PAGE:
An Islamist attack on a cafe in Dhaka, capital of Bangladesh, in early July – and the subsequent siege – ended with 20 people, mostly foreigners, dead. How has this affected the mood in Bangladesh, one of the world’s poorest countries?” – BBC
On the 1st of July we woke to the news of yet another terrorist attack. Most of us really struggle to understand how any human being can kill another let alone in such a calculated way. Done using methods designed to be so cruel, impact on so many innocent people, just out doing normal things and the random nature of how these attacks play out.
For many of us in NZ we have a new take on our isolation from the rest of the world and it starts to take on a more positive spin.
And yet this attack hit home for us for many reasons.
Having lived in the Gulshan part of Dhaka where the attack took place it became very real and personal. We had visited places within a stone’s throw of the café and my husband had been taken there by friends on a recent visit last February.
Following it live on TV from the safety of our living room we were very relieved to hear from close friends that they (and their loved ones) were all safe.
However, in the past few days, we have been touching base with other new friends we made during our time living there.
I was very sad to hear that three students from the international school they teach at and friends of their’s were amongst the 20 lives lost.
And then yesterday I woke to a very sad email from the CEO of the Fair Trade organisation She Made This partners with in Bangladesh.
The day before the attack, they had meetings with their Italian partner (who resided in Dhaka with her husband, Claudia D’Antonna) and her team – Nadia & Simona. Kohinoor (the CEO) was invited to a dinner with them at Holey Cafe & Restaurant on that fateful night. She had to decline, due to work commitments.
Sadly, those three ladies lost their lives. Claudia’s husband survived as he went outside to take a phone call.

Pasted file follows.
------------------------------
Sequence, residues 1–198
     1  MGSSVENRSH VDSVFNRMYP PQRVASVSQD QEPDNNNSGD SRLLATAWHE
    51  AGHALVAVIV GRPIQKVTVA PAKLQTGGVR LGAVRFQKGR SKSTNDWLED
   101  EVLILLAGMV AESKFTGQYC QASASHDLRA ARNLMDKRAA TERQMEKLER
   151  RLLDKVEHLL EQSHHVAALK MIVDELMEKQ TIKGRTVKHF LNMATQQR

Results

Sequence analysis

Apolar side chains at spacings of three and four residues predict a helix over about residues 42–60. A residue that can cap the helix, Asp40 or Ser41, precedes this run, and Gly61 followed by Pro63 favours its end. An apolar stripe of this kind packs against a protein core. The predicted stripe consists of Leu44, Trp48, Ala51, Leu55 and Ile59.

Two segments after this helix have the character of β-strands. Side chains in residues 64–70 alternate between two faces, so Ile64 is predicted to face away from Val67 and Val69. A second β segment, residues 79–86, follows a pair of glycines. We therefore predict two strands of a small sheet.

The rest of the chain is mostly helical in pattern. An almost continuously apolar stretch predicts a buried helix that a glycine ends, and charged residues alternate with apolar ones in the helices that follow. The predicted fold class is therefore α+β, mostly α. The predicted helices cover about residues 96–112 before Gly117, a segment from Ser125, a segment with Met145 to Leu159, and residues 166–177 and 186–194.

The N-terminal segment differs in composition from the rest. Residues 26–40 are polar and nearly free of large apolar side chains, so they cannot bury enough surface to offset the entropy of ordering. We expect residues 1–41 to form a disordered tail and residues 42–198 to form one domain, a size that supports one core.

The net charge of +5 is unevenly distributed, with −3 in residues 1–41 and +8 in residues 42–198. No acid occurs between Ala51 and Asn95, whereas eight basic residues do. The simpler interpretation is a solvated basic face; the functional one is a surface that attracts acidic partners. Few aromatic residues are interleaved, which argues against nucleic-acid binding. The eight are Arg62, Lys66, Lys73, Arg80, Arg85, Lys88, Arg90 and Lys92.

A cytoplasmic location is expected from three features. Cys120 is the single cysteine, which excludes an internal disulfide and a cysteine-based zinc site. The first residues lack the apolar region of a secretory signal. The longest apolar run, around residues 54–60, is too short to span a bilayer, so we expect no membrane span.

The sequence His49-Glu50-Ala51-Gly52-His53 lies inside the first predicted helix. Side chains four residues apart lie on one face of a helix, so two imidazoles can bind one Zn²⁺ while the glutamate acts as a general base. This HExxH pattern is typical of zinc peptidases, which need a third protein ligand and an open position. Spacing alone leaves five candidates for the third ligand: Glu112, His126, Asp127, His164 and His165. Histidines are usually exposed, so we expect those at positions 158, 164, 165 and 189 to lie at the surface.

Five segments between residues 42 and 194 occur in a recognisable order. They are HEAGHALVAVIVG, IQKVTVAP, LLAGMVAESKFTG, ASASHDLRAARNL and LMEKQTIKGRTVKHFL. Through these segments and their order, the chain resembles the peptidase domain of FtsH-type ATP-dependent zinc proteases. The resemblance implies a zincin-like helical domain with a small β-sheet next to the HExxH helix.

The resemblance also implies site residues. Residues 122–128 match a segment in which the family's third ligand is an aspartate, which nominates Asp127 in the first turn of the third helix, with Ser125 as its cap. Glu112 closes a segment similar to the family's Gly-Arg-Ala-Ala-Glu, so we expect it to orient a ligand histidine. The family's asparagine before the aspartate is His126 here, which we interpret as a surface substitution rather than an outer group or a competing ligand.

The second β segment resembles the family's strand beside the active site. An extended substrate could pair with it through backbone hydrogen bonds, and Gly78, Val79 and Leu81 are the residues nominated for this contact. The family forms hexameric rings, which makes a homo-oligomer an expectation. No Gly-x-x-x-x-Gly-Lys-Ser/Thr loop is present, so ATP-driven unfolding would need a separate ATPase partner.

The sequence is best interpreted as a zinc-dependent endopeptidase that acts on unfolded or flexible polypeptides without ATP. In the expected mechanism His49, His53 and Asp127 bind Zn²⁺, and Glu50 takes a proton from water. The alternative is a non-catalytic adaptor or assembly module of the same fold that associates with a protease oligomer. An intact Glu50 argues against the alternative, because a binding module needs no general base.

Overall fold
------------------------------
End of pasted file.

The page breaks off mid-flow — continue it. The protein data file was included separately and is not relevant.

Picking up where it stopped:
Their colleagues including the CEO of our partner are in shock and suffering from the “survivor guilt” that is not uncommon for those who have had such a terrifying near miss.
This is just a couple of personal connections and accounts of the people behind the statistics we hear constantly on the news.
Bangladesh is one of the world’s poorest countries which makes the impact of this attack even more cruel.
Not only were many precious lives lost but the result of this despicable attack is impacting on the livelihoods of many too, with cafes and restaurants reporting business is very slow. Those who, have a choice, are choosing to leave the country others are not coming to the country to do business. All this is likely to herald the end for already vulnerable struggling businesses. This article from the BBC sums it up.
We can let it wash over us along with other tragic stories where even more lives were lost like in Nice or Turkey or we can pause for thought and consider how we, as individuals can do something positive. There are plenty of options and it’s not good enough to just ignore the unpleasantness without trying to do something to help make a difference.
At the very least we can ask where things we are considering buying, were made. Were the makers paid fairly? The current standard of NZ$3/day is not a living wage. Were any children working in the factories with their parents to help the family make ends meet?
Not a hard thing to do. At the very least it is educating our community to consider the impact of our western “free trade” business model where everything revolves around the $ and shareholders profits. People are an important component in the process and that there ARE other business models that consider this aspect. The bottom line is if we buy something that’s very cheap then someone somewhere will be paying for that cheap price we are receiving.